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Molotov-Ribbentrop Pact

The Molotov-Ribbentop pact, sometimes called the Hitler-Stalin pact, was a non-aggression treaty between Nazi-Germany and the Soviet Union. It was signed in Moscow on August 23, 1939 by the foreign ministers Vyacheslav Molotov and Joachim von Ribbentrop.

The European balance of power established at the end of World War I eroded step by step from the Abyssinia crisis[?] (1935) to the Munich Agreement (1938). The dissolution of Czechoslovakia was the beginning of a new political development, where Germany and the Soviet Union aspired to regain territories and provinces lost in the aftermath of World War I. Hence the Soviet Union was not interested in maintaining the status quo, but rather in encouraging the conflict between capitalist countries - also in order to enhance the spread of the revolution.

Negotiations between the Soviet Union and France/Britain for a military alliance against Germany stalled, mainly due to mutual suspicions. The Soviet Union sought guarantees for support against German aggression beside recognition of Soviet commitment to interfer against "a change of policy favorable to an aggressor" in the countries along the western Soviet border, which the Soviet Union preferred to express as "Soviet guarantees for the independence of Finland, Estonia, Latvia, Poland, Rumania, Turkey and Greece", regardless of if those countries wanted such guarantees, or not.

Instead Stalin opened for negotiations with Nazi-Germany by replacing the Jewish Foreign Minister Maxim Litvinov[?] by Molotov, and the negotiations could then soon be successfully concluded.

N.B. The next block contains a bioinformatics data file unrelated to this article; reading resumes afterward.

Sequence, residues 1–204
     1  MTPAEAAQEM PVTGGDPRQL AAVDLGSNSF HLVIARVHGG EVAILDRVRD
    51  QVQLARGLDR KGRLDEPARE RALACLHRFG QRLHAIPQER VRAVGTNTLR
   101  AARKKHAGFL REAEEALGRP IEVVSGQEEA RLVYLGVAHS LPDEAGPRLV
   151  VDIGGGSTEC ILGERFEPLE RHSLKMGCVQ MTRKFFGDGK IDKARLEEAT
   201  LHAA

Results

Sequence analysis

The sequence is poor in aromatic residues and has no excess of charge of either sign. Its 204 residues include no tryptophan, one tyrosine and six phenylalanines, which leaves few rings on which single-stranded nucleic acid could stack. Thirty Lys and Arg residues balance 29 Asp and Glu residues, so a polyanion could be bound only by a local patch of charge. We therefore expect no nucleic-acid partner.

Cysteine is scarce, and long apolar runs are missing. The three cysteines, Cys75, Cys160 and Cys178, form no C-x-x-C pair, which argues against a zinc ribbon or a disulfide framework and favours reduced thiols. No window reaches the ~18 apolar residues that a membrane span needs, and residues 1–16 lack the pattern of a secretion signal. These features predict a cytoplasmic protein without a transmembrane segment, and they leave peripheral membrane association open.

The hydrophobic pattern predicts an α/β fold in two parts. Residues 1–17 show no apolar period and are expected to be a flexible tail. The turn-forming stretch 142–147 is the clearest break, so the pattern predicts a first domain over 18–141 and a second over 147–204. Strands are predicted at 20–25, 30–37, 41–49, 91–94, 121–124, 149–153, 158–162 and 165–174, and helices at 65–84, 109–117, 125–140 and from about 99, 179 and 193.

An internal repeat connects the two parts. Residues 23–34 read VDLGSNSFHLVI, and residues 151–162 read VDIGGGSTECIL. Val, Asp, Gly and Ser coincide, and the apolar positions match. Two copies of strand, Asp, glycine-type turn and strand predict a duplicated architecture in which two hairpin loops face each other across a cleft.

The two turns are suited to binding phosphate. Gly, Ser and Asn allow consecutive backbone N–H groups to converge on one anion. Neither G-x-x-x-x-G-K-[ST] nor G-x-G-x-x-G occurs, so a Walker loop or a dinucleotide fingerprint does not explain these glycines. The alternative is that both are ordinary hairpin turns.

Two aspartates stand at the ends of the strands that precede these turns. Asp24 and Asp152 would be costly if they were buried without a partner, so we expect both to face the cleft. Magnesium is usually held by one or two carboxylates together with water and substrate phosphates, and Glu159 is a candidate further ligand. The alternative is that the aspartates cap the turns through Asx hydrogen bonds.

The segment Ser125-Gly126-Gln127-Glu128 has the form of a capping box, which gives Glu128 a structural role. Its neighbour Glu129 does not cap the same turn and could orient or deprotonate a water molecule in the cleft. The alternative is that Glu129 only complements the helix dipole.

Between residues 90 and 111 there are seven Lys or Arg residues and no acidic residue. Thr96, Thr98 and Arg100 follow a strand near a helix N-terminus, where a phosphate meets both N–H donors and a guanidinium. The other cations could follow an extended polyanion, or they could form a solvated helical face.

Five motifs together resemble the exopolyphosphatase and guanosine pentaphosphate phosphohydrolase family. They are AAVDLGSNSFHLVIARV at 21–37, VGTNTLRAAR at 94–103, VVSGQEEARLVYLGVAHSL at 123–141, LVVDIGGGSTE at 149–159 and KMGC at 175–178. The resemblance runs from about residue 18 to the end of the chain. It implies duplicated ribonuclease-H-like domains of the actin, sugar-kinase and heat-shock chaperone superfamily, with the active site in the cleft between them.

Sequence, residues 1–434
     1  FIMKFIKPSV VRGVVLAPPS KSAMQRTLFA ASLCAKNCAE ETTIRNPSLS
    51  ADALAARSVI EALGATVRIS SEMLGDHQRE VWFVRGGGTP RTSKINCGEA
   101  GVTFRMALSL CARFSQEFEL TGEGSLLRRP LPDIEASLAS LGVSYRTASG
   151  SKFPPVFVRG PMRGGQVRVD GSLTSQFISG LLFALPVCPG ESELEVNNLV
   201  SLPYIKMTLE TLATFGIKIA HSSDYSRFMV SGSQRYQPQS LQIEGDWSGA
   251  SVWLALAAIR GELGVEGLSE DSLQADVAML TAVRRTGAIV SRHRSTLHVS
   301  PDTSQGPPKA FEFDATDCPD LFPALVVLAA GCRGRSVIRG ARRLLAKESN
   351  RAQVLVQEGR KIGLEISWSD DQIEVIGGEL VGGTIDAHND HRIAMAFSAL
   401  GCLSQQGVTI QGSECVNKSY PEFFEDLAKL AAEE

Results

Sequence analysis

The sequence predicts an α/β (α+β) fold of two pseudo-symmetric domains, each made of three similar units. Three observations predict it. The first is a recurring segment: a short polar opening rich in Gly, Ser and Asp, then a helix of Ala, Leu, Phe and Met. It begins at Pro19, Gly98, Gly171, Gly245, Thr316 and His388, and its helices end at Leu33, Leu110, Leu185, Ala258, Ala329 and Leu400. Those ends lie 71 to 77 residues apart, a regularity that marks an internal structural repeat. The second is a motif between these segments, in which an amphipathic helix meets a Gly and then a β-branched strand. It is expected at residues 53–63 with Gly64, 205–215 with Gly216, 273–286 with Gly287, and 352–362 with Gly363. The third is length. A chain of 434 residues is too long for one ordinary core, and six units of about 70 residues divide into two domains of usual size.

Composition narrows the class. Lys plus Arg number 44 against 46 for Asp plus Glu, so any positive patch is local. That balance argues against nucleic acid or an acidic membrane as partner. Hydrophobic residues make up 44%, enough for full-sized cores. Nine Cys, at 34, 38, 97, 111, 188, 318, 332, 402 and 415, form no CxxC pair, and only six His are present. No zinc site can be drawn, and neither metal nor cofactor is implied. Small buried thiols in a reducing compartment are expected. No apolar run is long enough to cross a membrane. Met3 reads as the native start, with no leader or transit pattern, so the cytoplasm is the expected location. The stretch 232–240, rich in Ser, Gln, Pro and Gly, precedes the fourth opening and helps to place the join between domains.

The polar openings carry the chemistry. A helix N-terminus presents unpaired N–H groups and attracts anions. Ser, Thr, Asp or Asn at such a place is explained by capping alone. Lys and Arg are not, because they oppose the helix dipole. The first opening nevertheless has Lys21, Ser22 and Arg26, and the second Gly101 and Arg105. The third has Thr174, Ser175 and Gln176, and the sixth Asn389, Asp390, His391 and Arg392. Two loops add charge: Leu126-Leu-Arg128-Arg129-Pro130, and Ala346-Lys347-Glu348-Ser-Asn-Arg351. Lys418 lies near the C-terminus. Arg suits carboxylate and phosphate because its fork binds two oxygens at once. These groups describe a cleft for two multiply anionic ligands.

The pact was announced as a non-aggression pact, but in a secret appendix Eastern Europe was divided between Germany and the Soviet Union. Bessarabia, Finland, Estonia and Latvia was Soviet's agreed share. The rivers Narev[?], Vistula and San were agreed on as a new suitable border between Germany and the Soviet Union, and a week after the pact was signed in Moscow, the partition of Poland was commenced with Germany's attack on September 1st followed by the Soviet Union on September 17th (see also: Partitions of Poland).

September 28th 1939 the three Baltic Republics were given no choise but to sign a so called Pact of defense and mutual assistance, which permitted the Soviet Union to station troops in Estonia, Latvia and Lithuania.

Finland was less humble and had on November 30th 1939 to suffer an attempted invasion, which however was resisted in the Winter War. After over three months of hard fights and heavy losses the Soviet Union confined with 10% of Finland's territory.

In June 1940, after Germany's swift victories and occupation of Norway, Denmark, the Netherlands, Belgium and France it was time for Bessarabia and the three Baltic states to suffer occupation, and soon annexion, to the Soviet Union. Thereby the Molotov-Ribbentrop pact was exhausted, as Germany opposed further assaults against Finland (see: the Continuation War).

A famous cartoon by David Low from the London Evening Standard of 20 September 1939 has Hitler and Stalin bowing to each other over a corpse, with Hitler saying "The scum of the Earth, I believe?" and Stalin saying "The bloody assassin of the workers, I presume?". The pact had been a particular shock to supporters of communism in the West.

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